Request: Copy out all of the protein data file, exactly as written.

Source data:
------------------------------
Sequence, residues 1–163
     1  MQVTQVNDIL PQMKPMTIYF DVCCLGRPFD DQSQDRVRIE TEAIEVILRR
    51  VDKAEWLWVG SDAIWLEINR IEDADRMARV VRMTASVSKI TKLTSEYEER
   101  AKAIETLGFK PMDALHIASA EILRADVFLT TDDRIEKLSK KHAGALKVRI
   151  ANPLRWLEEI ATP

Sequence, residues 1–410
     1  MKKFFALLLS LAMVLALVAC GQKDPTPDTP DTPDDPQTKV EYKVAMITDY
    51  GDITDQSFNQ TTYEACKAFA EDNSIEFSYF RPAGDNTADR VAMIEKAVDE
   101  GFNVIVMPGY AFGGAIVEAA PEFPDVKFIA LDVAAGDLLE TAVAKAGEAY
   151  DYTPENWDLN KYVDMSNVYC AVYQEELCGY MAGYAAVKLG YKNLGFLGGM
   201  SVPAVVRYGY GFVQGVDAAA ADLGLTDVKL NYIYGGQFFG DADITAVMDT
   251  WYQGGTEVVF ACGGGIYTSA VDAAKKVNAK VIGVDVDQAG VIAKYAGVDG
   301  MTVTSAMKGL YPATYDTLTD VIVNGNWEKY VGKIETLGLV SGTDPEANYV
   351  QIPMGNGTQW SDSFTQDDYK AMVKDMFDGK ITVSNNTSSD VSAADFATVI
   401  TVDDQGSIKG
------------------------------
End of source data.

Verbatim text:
Sequence, residues 1–163
     1  MQVTQVNDIL PQMKPMTIYF DVCCLGRPFD DQSQDRVRIE TEAIEVILRR
    51  VDKAEWLWVG SDAIWLEINR IEDADRMARV VRMTASVSKI TKLTSEYEER
   101  AKAIETLGFK PMDALHIASA EILRADVFLT TDDRIEKLSK KHAGALKVRI
   151  ANPLRWLEEI ATP

Sequence, residues 1–410
     1  MKKFFALLLS LAMVLALVAC GQKDPTPDTP DTPDDPQTKV EYKVAMITDY
    51  GDITDQSFNQ TTYEACKAFA EDNSIEFSYF RPAGDNTADR VAMIEKAVDE
   101  GFNVIVMPGY AFGGAIVEAA PEFPDVKFIA LDVAAGDLLE TAVAKAGEAY
   151  DYTPENWDLN KYVDMSNVYC AVYQEELCGY MAGYAAVKLG YKNLGFLGGM
   201  SVPAVVRYGY GFVQGVDAAA ADLGLTDVKL NYIYGGQFFG DADITAVMDT
   251  WYQGGTEVVF ACGGGIYTSA VDAAKKVNAK VIGVDVDQAG VIAKYAGVDG
   301  MTVTSAMKGL YPATYDTLTD VIVNGNWEKY VGKIETLGLV SGTDPEANYV
   351  QIPMGNGTQW SDSFTQDDYK AMVKDMFDGK ITVSNNTSSD VSAADFATVI
   401  TVDDQGSIKG